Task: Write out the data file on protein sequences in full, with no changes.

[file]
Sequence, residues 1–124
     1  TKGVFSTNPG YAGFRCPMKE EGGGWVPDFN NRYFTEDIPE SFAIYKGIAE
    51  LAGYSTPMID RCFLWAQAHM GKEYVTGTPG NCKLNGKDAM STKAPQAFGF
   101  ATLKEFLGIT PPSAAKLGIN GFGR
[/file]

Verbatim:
Sequence, residues 1–124
     1  TKGVFSTNPG YAGFRCPMKE EGGGWVPDFN NRYFTEDIPE SFAIYKGIAE
    51  LAGYSTPMID RCFLWAQAHM GKEYVTGTPG NCKLNGKDAM STKAPQAFGF
   101  ATLKEFLGIT PPSAAKLGIN GFGR